Repository Posting Date:
26-Oct-2011
Date of Publication:
10-Jul-2003
Sponsors:
Sigma Theta Tau International

Full metadata record

DC FieldValue Language
dc.typePresentationen_GB
dc.titleThe Relationships of Hardiness, Stress, and Health-Promoting Behaviors in Undergraduate Female Nursing Studentsen_GB
dc.identifier.urihttp://hdl.handle.net/10755/153714-
dc.description.abstract<table><tr><td colspan="2" class="item-title">The Relationships of Hardiness, Stress, and Health-Promoting Behaviors in Undergraduate Female Nursing Students</td></tr><tr class="item-sponsor"><td class="label">Conference Sponsor:</td><td class="value">Sigma Theta Tau International</td></tr><tr class="item-year"><td class="label">Conference Year:</td><td class="value">2003</td></tr><tr class="item-conference-date"><td class="label">Conference Date:</td><td class="value">July 10-12, 2003</td></tr><tr class="item-author"><td class="label">Author:</td><td class="value">Nikou, Victoria, PhD</td></tr><tr class="item-institute"><td class="label">P.I. Institution Name:</td><td class="value">Hunter College</td></tr><tr class="item-author-title"><td class="label">Title:</td><td class="value">Assistant Professor</td></tr><tr class="item-email"><td class="label">Email:</td><td class="value">vnikou@shiva.hunter.cuny.edu</td></tr><tr><td colspan="2" class="item-abstract">Objective: to investigate the relationships among hardiness, stress, and health-promoting behaviors in healthy, future nurses.&lt;P&gt; Design: exploratory correlational quantitative design. Population, Sample, Setting, Years: 271 female generic nursing students from 66 US baccalaureate and associate degree programs, ages 18 to 50+; members of the National Student Nurses Association, voluntarily solicited while attending the 2000 NSNA Convention. Concept or Variables Studied Together: : Pender&rsquo;s health-promotion model, Lazarus&rsquo; stress, and Kobasa-Oulette&rsquo;s hardiness model.&lt;P&gt; Methods: Instrumentation included the Personal Views Survey(PVS), the Student Stress Inventory(SSI), the Health-Promotion Lifestyle Profile II(HPLPII) and demographic data form; analyses of means, medians, and standard deviations for age and instrument scores, Pearson product-moment correlation coefficients, and multiple regression analyses. Findings: Hardiness was inversely related to stress and positively related to health-promoting behaviors; stress was negatively related to health-promoting behaviors; both were supported at the p&amp;lt;.001 level. Participants identified the nursing classroom as more stressful than the clinical.&lt;P&gt; Conclusions: Hardiness was significantly correlated with health-promoting behaviors and inversely correlated with reported perceptions of stress. Stress was significantly correlated with limited health- promoting behaviors. Health-promoting behaviors were better in this population than in previously reported studies measuring nursing students and registered nurses.&lt;P&gt; Implications: Since 81% of the participants indicated exposure to health-promotion principles in class nursing curriculum needs to continue to include these facts. The identification of a stress-resistant personality factor, hardiness, in students may also be viewed as a prediction of their stress-resistance as professional nurses. Due to the higher perceptions of stress in nursing classrooms, educators need to increase awareness of the need for stress-reduction programs and potential refinement of their classroom evaluation methods. Since nursing faculty was identified as good exemplars of health-promoting behaviors, educators need to be mindful of their role modeling behaviors. &lt;!--Abstract 13932 modified by 134.68.166.31 on 11-11-2002--&gt;&lt;/P&gt;&lt;/P&gt;&lt;/P&gt;&lt;/P&gt;</td></tr></table>en_GB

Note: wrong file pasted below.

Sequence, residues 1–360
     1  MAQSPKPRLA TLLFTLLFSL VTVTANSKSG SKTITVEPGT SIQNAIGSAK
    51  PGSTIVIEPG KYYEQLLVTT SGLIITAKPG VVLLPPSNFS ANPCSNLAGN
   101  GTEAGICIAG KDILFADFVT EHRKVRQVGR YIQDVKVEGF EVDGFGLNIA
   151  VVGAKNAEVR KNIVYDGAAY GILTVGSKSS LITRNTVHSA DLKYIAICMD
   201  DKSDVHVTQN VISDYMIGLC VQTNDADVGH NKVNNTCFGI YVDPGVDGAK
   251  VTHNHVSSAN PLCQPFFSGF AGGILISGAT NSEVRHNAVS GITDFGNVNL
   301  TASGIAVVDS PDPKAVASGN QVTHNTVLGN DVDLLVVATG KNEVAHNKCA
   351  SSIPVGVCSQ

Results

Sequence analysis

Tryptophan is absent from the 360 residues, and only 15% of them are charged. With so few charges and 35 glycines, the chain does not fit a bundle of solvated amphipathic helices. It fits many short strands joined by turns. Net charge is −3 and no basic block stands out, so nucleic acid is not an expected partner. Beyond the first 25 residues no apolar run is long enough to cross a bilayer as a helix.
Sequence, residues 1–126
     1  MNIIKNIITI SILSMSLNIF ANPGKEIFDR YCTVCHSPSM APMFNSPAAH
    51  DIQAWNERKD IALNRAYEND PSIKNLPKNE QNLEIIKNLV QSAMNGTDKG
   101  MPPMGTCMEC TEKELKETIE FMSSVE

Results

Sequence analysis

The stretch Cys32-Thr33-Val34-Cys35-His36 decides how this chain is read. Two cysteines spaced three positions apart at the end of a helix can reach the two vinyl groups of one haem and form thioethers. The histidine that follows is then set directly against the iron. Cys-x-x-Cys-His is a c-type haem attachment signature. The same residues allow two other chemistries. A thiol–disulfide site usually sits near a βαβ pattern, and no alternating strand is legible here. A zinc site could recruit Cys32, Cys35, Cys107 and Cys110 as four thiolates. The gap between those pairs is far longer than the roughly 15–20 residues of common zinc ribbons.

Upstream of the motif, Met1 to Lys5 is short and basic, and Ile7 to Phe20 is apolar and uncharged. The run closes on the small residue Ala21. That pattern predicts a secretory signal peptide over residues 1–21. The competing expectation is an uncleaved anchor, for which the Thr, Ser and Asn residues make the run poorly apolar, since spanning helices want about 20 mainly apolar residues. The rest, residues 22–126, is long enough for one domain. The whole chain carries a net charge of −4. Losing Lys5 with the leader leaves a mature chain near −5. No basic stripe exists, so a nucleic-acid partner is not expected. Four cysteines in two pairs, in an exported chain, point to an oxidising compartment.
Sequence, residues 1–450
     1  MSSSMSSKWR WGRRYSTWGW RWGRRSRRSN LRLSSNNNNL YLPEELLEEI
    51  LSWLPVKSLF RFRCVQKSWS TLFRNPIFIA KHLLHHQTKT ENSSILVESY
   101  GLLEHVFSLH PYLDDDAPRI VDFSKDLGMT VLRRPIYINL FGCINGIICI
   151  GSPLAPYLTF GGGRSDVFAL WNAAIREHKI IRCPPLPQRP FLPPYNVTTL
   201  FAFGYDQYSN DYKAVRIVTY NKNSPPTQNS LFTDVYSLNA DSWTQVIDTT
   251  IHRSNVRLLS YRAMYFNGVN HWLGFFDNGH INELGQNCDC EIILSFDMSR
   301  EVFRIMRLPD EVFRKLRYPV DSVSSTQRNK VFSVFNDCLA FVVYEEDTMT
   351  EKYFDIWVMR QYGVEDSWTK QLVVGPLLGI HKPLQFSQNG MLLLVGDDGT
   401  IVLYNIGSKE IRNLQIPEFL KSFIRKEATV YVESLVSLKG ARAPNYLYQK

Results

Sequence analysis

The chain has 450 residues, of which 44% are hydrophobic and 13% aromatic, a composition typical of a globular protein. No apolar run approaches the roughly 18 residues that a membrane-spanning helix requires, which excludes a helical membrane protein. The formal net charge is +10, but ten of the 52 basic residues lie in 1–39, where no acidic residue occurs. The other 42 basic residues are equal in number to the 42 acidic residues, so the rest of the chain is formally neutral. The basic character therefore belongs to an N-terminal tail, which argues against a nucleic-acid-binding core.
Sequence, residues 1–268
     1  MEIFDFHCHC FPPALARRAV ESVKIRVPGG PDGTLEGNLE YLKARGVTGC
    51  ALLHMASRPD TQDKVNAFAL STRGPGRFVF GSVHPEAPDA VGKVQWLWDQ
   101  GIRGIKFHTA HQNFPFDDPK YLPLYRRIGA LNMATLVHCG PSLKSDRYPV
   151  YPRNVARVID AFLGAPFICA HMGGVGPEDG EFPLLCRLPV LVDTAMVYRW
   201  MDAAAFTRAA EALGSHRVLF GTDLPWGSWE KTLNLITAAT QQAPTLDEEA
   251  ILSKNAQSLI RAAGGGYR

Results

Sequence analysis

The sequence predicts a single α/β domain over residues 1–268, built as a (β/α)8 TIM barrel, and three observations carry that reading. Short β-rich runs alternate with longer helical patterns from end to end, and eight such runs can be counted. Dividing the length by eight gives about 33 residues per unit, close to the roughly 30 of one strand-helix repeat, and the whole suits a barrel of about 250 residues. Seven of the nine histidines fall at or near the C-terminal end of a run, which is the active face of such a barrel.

dc.date.available2011-10-26T12:27:50Z-
dc.date.issued2003-07-10en_GB
dc.date.accessioned2011-10-26T12:27:50Z-
dc.description.sponsorshipSigma Theta Tau Internationalen_GB